Baby powders are a type of cosmetic or hygienic powder made from:

  • a clay mineral called talc
  • cornstarch
  • arrowroot or other powders

These powders are often used to prevent or treat diaper rash around infants’ bottoms and genital areas. Women also commonly use these powders on their genitals to reduce feminine odors. Adult men and women may also use baby powder on other parts of their body to soothe rashes or ease friction on the skin.

The company that makes the namesake product “baby powder” is called Johnson & Johnson.

What’s the controversy?

According to media reports, more than 6,600 baby powder lawsuits have been filed against Johnson & Johnson. These lawsuits are filed mostly on behalf of women who have been diagnosed with ovarian cancer. They claim they got cancer from years of talc use on their genitals. Some men who have used baby powder have brought their own suits.

Many scientific studies published since the 1970s suggest that long-term use of talc-based baby powders on female genitals is associated with a slightly increased risk of ovarian cancer.

Another major concern has been asbestos contamination of talc-containing baby powder. In April 2018, a New Jersey Superior Court jury found Johnson & Johnson guilty in a trial accusing the baby powder giant of selling contaminated talc powder products. Johnson & Johnson, and another talc powder company, were ordered to pay $37 million in damages to the plaintiff, a man named Stephen Lanzo.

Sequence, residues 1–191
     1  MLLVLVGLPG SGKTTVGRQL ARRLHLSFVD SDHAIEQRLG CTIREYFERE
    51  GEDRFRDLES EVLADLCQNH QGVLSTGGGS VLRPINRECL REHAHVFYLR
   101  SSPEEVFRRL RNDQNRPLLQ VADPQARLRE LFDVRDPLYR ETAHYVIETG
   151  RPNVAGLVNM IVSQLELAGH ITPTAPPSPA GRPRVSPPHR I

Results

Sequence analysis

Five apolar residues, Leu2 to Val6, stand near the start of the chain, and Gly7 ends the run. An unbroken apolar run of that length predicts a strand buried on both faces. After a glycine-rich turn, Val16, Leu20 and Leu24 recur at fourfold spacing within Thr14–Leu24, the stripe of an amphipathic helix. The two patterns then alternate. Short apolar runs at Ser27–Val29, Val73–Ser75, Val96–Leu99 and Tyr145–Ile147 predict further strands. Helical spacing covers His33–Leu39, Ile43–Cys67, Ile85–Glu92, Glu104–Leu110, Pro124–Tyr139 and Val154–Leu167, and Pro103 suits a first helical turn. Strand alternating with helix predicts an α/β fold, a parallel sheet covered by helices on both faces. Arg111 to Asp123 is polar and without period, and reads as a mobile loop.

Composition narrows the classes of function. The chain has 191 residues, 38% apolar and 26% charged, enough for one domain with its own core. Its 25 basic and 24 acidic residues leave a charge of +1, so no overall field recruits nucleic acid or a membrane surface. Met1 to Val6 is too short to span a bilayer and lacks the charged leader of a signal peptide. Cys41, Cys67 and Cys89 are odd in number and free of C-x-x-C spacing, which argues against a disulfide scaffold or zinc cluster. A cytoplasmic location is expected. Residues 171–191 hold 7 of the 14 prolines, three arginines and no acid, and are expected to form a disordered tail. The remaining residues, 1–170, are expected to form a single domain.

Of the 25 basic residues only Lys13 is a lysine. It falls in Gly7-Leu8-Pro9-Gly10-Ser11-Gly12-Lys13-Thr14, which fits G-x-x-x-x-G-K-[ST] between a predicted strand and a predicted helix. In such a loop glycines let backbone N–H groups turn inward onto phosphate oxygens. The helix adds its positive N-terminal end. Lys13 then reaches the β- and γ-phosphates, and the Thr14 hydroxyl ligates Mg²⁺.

Lanzo said he developed mesothelioma, a deadly form of cancer associated with asbestos, due to regular use of Johnson & Johnson baby powder since his birth in 1972. Johnson & Johnson said it’s confident the talc did not cause Lanzo’s cancer — and asserts its products are safe.

What does the research say?

Asbestos is a type of mineral. It occurs naturally near talc mineral reserves. Asbestos exposure happens most often through inhalation. It has been linked directly to cancer.

There has been some concern that asbestos might contaminate talc mined for human use. But Johnson & Johnson’s product test results show its products do not contain asbestos.